Seth Patterson Dec 19 spotlight.pngSeth Patterson is a Junior at CMU studying Musical Theatre. He has been involved in many CMU productions such as Fool For Love by Sam Shepard, Shrek: The Musical, Sweeney Todd, Ragtime, and Punk Rock by Simon Stephens. Seth has been awarded the Academic Prestige Award, the Maroon and Gold Scholarship, the Leader Advancement Scholarship, the Music Theatre Academic Scholarship, and the Irving N. Smith Scholarship. 

"...being a musician is not about being impressive,
but it’s about being genuine." 


What is your favorite thing about our school of music?
The community and the atmosphere of the building. I love the open space, and the people who fill it.  

What is your favorite opportunity that you've had as a musician at CMU?
Italy for Musicians in the summer of 2019. I am blessed to attend a university that can send a small group of artists to the birthplace of modern art.  

What are life lessons that you've learned through music at CMU?
I’ve learned how to treat people professionally. I have come to find that being a musician is not about being impressive, but it’s about being genuine. That’s how you move people. What a wonderful and profound thing to do with life. 

What are things you've learned about yourself because of your time at CMU?
“You can do anything, but you cannot do everything” CMU has many opportunities if you look for them, and you might be interested in A LOT of them (like me), but you get more out of your time if you slow down and do a few great things with a few great people. 

Past Student Spotlights​

Abigail

Abigail Mullis

Battle Creek, MI
Piano Performance

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Abigail Mullis is a Senior studying Piano Performance. Abigail currently accompanies vocal students, solo instrumentalists, and performs in a piano duo. She is the recipient of the 2019 Central Michigan University Undergraduate Research and Creative Accomplishments Grant, the 2018 Central Michigan University Undergraduate Research and Creative Accomplishments Provost Award, and the 2017 Central Michigan University John N. Irwin Piano Competition Winner.

In pursuit of her passion and exploration of community music, Abigail has started an Adult Piano Class at the Isabella County Medical Care Facility. She fully believes there are no age restrictions when it comes to music and it has been a joy to work with these senior citizens. Abigail would like to give a special thank you to her piano professor, Dr. Alexandra Mascolo-David for her never-ending support and guidance.

What is your favorite thing about our school of music?
I love that as a pianist I have had an opportunity to perform and work with a range of music ensembles such as our choirs, Wind Symphony, Symphony Orchestra, community orchestra, chamber ensembles, solo vocalists, and solo instrumentalists. It has been a great experience to work with so many different students, conductors, and professors. I also love our music building, espeically the practice rooms, because the pianos are great, the rooms have soundboards, and some rooms even have windows, which is not the case at other universities. When I first auditioned at CMU I remember thinking I had never heard a piano sound so beautiful.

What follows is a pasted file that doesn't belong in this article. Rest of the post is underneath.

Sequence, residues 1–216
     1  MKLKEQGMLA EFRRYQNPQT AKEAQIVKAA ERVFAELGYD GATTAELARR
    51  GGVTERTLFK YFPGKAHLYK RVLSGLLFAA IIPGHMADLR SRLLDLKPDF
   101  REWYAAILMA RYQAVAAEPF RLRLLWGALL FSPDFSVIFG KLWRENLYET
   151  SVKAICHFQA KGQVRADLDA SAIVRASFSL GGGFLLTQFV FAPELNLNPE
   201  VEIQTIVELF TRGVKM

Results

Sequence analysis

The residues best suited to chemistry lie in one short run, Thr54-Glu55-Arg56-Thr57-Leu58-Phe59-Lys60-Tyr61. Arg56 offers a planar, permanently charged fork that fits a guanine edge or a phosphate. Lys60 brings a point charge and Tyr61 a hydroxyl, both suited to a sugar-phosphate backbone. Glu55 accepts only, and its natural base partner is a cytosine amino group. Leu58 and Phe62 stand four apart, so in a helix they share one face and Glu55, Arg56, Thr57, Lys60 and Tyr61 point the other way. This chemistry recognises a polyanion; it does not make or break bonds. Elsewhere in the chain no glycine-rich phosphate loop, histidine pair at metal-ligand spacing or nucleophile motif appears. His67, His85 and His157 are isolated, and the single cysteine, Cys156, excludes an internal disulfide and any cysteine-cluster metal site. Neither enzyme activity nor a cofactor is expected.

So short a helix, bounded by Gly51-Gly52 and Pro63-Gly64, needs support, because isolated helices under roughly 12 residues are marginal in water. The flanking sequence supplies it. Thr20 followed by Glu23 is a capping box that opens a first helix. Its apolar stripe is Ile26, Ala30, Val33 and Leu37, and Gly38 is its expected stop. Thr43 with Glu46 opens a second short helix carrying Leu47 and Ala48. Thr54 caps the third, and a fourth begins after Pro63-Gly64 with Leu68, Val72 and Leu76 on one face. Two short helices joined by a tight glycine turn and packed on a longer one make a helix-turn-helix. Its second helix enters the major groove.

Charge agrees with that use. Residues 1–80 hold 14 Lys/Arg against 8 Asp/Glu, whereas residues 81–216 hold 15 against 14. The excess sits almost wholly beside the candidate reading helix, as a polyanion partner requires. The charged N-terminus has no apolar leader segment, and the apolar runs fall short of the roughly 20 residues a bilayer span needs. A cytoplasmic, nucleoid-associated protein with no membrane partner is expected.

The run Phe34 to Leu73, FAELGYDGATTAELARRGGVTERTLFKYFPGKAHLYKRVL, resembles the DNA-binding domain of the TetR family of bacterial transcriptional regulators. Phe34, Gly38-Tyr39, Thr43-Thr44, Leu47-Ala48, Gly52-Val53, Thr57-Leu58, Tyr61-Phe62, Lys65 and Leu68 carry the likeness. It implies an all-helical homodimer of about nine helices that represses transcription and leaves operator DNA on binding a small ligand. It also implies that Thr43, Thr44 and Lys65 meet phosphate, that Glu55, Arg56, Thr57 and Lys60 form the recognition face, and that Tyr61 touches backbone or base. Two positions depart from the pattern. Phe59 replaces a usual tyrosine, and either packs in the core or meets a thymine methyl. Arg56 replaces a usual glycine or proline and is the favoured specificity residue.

What are things you've learned about yourself because of you time at CMU?
I have grown to be the artist, musician, and person I am today because of the support and guidance of the school of music faculty. My studies at CMU have exposed me to a whole different world, and I feel inspired and ready to now go out and share music with others.

What would you like to do after you graduate?
I intend to pursue a masters degree in community music at the University of York in the United Kingdom, specializing in intergenerational music.
Carlos Clark

Carlos Clark

Belleville, MI
Bassoon Performance

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Carlos Clark is a senior at CMU studying Bassoon Performance. The recipient of a Full Athletic Scholarship and a Music Performance Scholarship, Carlos is principal bassoon with both the Symphonic Wind Ensemble and Symphony Orchestra, and performs with the AACES Reed Quintet.

What are life lessons that you've learned through music at CMU?
The most important thing I've learned from my time here at CMU is that you should always chase what you want. There is no point in doing something because it's what you think you should do. Chances are the thing you want to do is what you were meant to do.

What would you like to do after you graduate?
After I graduate, I'd like to earn my Master's in performance as well. The ultimate goal is to find a place in an orchestra. I want to share my music with the rest of the world.
Kaylee Bernard

Kaylee Bernard

Hale, MI
Music Education & Creative Writing Certificate

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Kaylee Bernard is a Senior at CMU studying Music Education and Creative Writing. She is involved with the award-winning Kairos Saxophone Quartet and the CMU Saxophone Ensemble. Kaylee is a Centralis Gold Scholar, a Presser Scholar, and has earned the Sigma Alpha Iota Sword of Honor.

What is your favorite thing about our school of music?
It's hard to find words to describe what our School of Music means to me. Every day, I am blown away by the passion our professors have for their subject material and for teaching. Not only are they experts in their field and phenomenal pedagogues, but they have immense compassion for their students. I feel very fortunate to study with professors that invest so much time and energy into helping their students. In addition to having incredible professors, I am surrounded by peers that are driven, intelligent, and excited to create music with others. It has been an amazing experience to be immersed in such a supportive, energetic, and thriving culture. I could not imagine a better place to pursue an education as a young musician.

What are life lessons that you've learned through music at CMU?